Population of Myanmar vulture declines prompting conservation efforts

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The population of vulture native to Myanmar, a critically endangered animal species, is declining and conservation measures are being carried out by spotting their habitats, an official from the Biodiversity and Nature Conservation Association (BANCA) told The Global New Light of Myanmar (GNLM) on 5 September.
The conservation organizations BANCA, WCS, WWF, FFI, MBNS and FoW formed a Myanmar Vultures Working Group to conduct research and conservation works by collecting the number of animals and educating locals to change attitudes toward vulture conservation.
Six species of vultures are found in Myanmar, but only three species — white-rumped vulture (Gyps bengalensis), slender-billed vulture (Gyps tenuirostris), and red-headed vulture (Sarcogyps calyus) — are native to Myanmar and are on the brink of extinction. Other three species are migrating birds.
Yangon Zoo called for the public on 2 September to participate in conservation works of vultures which are also dubbed as ‘Nature’s Clean-Up Crew’ to appreciate their role of balancing the ecosystem and their lifestyles that contribute towards a clean environment and curbing infectious diseases. The zoo made the call on their Facebook page for International Vulture Awareness Day which is celebrated on the first Saturday in September each year.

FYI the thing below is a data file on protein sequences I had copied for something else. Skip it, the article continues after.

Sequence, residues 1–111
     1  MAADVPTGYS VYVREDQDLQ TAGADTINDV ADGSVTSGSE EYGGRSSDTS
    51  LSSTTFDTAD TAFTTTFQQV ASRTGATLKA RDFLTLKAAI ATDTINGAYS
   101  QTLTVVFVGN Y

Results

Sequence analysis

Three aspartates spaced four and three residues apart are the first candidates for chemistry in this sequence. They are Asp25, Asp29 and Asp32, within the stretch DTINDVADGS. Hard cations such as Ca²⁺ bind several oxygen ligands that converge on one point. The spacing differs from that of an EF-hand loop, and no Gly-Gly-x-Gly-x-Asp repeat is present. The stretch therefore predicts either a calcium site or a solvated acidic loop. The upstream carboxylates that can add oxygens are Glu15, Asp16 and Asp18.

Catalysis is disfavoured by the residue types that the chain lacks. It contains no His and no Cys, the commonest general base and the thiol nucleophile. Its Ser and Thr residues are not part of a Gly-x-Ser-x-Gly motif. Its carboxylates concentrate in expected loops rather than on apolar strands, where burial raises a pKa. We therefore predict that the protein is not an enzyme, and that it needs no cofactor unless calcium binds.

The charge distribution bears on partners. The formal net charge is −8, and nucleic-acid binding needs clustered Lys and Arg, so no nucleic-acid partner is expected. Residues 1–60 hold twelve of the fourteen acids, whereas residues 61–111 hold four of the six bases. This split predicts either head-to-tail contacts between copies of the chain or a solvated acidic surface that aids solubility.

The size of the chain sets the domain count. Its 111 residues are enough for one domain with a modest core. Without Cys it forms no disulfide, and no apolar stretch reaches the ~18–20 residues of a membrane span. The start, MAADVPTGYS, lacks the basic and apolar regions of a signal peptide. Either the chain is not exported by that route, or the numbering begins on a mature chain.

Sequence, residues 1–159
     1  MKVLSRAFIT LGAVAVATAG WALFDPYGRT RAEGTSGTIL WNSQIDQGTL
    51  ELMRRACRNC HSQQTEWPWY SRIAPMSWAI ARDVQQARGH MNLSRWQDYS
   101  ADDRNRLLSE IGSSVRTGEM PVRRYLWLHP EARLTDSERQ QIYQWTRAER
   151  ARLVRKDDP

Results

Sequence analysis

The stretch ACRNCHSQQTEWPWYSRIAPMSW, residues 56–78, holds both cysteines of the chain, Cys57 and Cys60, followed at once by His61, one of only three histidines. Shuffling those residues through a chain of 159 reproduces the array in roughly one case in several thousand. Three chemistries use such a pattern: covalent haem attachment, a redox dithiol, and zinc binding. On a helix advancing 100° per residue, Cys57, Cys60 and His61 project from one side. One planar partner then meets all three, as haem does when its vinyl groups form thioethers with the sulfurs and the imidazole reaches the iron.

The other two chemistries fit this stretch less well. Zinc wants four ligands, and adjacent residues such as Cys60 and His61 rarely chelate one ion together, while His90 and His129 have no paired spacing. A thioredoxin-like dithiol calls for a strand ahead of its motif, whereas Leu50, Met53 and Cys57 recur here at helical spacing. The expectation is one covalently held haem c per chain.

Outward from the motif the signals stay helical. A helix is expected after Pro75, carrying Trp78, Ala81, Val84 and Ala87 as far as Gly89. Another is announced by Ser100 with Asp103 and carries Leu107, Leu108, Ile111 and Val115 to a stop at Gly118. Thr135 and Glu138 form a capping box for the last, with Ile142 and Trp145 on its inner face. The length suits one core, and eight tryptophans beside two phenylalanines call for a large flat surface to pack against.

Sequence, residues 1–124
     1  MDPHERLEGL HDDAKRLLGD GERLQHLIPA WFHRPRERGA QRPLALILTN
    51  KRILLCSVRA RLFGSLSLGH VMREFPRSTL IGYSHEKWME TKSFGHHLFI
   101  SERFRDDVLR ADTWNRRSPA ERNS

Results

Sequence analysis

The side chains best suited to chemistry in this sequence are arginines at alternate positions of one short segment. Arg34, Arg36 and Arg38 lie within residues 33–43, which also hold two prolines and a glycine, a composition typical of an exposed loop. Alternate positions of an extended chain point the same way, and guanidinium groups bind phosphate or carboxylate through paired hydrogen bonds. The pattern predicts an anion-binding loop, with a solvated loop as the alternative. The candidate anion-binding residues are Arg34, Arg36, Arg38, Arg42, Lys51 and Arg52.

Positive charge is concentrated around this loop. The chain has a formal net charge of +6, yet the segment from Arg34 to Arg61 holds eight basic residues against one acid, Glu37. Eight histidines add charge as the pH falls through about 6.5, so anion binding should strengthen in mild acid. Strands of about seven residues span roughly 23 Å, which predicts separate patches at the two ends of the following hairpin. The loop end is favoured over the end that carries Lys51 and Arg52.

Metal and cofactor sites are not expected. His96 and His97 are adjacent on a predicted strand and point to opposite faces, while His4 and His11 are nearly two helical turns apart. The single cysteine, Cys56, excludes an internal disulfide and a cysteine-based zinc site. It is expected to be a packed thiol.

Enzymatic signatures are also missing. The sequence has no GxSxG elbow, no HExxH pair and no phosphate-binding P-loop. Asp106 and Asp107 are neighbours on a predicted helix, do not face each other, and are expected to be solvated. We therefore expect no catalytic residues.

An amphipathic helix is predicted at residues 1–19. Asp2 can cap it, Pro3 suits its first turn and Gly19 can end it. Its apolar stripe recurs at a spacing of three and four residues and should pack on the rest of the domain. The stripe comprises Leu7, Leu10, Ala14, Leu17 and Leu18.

“Vultures are found in Kachin State, Sagaing Region, Magway Region, Chin State and Shan State, but their population is declining. Currently, the birds are only found in Kachin State, Shan State and Sagaing Region. A total of 23 vulture species are found in various parts of the world. Six species found in Myanmar are white-rumped vulture (Gyps bengalensis), slender-billed vulture (Gyps tenuirostris), and red-headed vulture (Sarcogyps calyus), Himalayan Vulture (Gyps himalayensis), Egyptian Vulture (Neophron percnopterus) and Cinereous Vulture (Aegypius monachus),” an official from BANCA said.
Despite research conducted by WCS, FFI and BANCA, the exact number of vultures in Myanmar is still unknown.
“We used to put carcass of cattle in our effort to count the number of vultures, but we no longer use it. We will go to the places where the birds are spotted. The next thing is to educate local people about vultures,” he added.
The environmental changes, the dwelling of people in the areas around habitats of vultures, the scarcity of food and the habits of vultures eating animal carcasses died of poisoning pushing more than a half of 23 species of the birds to an endangered state. — ASH/TH

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